On May 10, the Senate failed to advance, by a vote of 49-51, a House-passed Congressional Review Act (CRA) disapproval resolution to nullify an Obama-era Bureau of Land Management rule, finalized in November 2016, which requires that oil and gas producers implement measures and limits to intentional venting, flaring, and leakage of methane from new and existing oil and gas producers on federal lands. Three Republican Senators, Susan Collins (R-ME), Lindsey Graham (R-SC), and John McCain (R-AZ), joined all 48 Senate Democrats in voting against the motion to proceed to a final vote on the resolution, marking the first instance in the 115th Congress that either the House or Senate has voted against passing a CRA disapproval resolution. May 11 marked the final day that the Senate could vote on any CRA disapproval resolutions, which means that only 14 Obama-era rules were successfully nullified by House and Senate Republicans in the 115th Congress. Read more...   
Trump Signs Bill Nullifying MPO Consolidation Rule Into Law
On May 12, President Trump signed a bill ( S. 496 ) into law to nullify the December 2016 final rule from the Federal Highway Administration and Federal Transit Administration that would force many local Metropolitan Planning Organizations (MPOs) in the same region to merge. The bill, which the Senate passed on March 8 by Unanimous Consent and the House passed on April 27 by a vote of 417-3 , is different than a resolution under the Congressional Review Act (CRA), in that once the rule is repealed, the Trump Administration or a future Administration will be free to try again with a rule that approaches the subject a bit differently (rules nullified under the CRA cannot be reissued "in substantially the same form"). The rule was broadly unpopular with MPOs and other stakeholders and S. 496 has been endorsed by the National Association of Regional Councils (NARC) and the Association of Metropolitan Planning Organizations (AMPO). Read more...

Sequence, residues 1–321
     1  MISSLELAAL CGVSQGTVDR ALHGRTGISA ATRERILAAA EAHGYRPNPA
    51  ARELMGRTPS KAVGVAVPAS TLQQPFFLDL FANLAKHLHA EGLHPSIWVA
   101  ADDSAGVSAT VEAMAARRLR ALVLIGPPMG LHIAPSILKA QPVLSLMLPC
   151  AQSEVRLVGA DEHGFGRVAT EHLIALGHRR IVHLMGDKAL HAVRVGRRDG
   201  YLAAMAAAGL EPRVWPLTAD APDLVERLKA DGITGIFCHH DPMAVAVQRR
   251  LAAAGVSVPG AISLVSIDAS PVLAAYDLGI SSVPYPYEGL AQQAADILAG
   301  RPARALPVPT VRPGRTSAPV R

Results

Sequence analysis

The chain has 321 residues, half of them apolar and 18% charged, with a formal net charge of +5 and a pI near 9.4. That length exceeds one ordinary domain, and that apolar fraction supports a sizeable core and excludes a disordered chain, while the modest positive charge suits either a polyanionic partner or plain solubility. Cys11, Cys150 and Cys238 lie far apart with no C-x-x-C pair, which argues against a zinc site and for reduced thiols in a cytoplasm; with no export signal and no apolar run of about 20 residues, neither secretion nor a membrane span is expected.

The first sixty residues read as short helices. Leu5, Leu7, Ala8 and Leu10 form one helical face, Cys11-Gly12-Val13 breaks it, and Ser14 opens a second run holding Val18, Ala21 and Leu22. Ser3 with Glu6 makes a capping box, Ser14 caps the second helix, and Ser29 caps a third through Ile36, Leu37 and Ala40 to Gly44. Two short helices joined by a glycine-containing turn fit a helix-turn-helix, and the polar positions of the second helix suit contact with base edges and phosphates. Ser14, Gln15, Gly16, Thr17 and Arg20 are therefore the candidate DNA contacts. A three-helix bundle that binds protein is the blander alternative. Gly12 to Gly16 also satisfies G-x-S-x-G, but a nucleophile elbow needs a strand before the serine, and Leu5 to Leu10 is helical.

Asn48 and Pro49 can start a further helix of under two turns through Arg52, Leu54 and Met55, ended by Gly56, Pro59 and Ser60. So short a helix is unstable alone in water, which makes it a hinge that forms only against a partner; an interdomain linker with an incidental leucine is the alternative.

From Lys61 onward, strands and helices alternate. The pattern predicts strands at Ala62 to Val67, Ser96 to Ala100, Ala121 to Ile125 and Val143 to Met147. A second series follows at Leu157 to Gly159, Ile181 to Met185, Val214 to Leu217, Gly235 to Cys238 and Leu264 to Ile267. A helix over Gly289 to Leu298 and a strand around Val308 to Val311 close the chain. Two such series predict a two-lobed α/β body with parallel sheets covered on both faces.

Trump Announces Nominations to Administrative Posts
Last week, the White House announced that the following 19 nominations had been sent to the Senate for consideration:  
  • John Kenneth Bush to be U.S. Circuit Judge for the Sixth Circuit;
  • Joan Louise Larsen to be U.S. Circuit Judge for the Sixth Circuit;
  • Amy Coney Barrett to be U.S. Circuit Judge for the Seventh Circuit;
  • David Ryan Stras to be U.S. Circuit Judge for the Eighth Circuit;